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FAQ: What are barre chords?
A: Barre chords (pronounced 'bar') are a type of guitar chord where your index finger is used to press multiple strings on a single fret. Barre chords are called 'moveable chords' since, unlike open or standard chords which you only play on the three or four frets, they can be played anywhere on the fretboard.
In this picture on the left, the index finger is fretting every string on a fret. This forms the basis of a barre chord. Your index finger thus acts as a 'bar' pressing down many or all of the strings on a single fret. The rest of your fingers will now finish the chord formation by fretting other strings to the right of your index finger.
The picture on the right is that of a barre chord using the 'E major shape'. Unlike standard chords where the shape of the chord changed every time you played a new one, barre chords use only one shape (per variation) that you move up and down the fretboard. The one on the left is the common shape Major barre chords come in and by maintaining this single shape and simply moving your hands up and down the fretboard, you're in effect playing different keys.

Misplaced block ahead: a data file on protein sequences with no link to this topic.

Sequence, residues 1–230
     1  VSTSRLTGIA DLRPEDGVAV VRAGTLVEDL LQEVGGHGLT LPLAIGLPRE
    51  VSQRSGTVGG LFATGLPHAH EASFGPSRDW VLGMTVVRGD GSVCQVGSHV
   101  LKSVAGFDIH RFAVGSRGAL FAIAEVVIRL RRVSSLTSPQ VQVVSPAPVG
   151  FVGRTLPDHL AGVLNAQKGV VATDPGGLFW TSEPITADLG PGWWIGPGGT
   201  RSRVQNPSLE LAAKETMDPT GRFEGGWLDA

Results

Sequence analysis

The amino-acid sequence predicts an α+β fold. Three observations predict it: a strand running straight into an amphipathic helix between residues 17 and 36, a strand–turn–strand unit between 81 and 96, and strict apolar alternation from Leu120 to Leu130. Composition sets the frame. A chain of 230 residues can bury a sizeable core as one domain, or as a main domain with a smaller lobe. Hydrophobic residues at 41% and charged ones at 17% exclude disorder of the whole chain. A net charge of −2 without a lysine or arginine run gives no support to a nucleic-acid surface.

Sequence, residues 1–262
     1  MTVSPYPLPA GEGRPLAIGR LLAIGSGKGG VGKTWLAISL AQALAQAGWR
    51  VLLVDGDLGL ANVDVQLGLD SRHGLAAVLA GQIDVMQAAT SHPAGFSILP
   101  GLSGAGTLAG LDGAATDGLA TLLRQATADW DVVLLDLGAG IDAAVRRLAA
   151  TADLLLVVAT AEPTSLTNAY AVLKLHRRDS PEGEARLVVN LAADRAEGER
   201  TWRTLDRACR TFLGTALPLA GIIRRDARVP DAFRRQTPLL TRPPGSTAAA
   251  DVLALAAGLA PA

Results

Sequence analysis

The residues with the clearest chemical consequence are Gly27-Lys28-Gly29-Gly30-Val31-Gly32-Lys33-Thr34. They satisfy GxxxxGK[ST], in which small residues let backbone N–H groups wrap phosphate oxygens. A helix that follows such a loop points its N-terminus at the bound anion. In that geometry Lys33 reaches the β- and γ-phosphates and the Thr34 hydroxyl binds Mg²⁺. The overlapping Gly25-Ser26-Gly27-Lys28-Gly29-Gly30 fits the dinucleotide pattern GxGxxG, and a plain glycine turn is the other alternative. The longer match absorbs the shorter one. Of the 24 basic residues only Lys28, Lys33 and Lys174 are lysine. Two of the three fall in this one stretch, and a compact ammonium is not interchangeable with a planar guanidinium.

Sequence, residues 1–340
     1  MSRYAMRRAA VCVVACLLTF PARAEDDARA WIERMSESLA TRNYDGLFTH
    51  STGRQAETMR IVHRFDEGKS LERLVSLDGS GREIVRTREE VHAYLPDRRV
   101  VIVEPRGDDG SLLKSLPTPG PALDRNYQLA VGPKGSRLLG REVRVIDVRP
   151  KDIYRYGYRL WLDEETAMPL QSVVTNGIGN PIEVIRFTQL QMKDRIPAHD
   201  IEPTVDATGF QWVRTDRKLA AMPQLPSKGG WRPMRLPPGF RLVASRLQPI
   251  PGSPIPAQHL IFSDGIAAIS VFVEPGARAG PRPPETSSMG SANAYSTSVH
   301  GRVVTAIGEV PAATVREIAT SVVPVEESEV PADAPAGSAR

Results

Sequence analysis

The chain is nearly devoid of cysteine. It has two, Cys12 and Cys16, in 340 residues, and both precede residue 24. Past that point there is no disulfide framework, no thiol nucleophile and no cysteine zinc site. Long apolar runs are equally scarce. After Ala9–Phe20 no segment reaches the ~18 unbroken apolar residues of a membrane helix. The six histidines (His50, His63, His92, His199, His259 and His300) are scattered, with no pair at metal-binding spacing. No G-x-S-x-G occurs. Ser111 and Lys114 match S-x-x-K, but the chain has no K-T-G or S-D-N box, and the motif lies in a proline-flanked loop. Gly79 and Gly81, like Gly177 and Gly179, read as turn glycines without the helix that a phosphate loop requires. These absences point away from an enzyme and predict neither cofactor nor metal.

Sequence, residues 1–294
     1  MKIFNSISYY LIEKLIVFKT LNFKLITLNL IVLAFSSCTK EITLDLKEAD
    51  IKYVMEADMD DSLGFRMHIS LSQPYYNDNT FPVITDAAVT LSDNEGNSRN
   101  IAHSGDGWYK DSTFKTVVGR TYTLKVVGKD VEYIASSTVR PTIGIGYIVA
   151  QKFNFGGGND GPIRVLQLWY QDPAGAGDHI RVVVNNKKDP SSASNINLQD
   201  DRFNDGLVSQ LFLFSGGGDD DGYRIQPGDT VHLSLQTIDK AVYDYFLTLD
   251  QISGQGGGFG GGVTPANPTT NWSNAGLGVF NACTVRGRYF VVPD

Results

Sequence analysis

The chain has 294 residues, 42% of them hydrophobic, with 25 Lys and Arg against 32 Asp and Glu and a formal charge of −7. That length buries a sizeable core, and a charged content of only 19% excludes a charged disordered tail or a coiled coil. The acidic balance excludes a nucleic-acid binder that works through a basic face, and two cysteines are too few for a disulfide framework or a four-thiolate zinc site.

Standard chords where you do not have to barre with your index finger are called 'open chords'. Barre chords are significantly more difficult to play than open chords since they requires more strength and effort from your fretting hand. When starting to learn barre chords, your index finger will likely get very tired. If you're a new guitar player, you should first learn many open chords before learning barre chords.
For a list of barre chords visit the guitar chord charts section and download the extended guitar chord chart which maps out the most popular barre chords.
This free guitar lesson covers anything and everything on barre chords you need to know and will teach you how to play them on a step-by-step basis using video.
Q: What are barre chords and how do they differ from normal chords?